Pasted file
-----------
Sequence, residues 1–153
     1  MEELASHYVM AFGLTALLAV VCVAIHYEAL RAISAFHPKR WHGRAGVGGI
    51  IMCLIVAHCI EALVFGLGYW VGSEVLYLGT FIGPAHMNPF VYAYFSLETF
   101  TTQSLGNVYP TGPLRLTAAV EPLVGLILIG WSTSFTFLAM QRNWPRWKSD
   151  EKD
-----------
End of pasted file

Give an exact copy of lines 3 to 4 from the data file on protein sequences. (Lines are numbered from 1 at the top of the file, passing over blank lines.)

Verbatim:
    51  IMCLIVAHCI EALVFGLGYW VGSEVLYLGT FIGPAHMNPF VYAYFSLETF
   101  TTQSLGNVYP TGPLRLTAAV EPLVGLILIG WSTSFTFLAM QRNWPRWKSD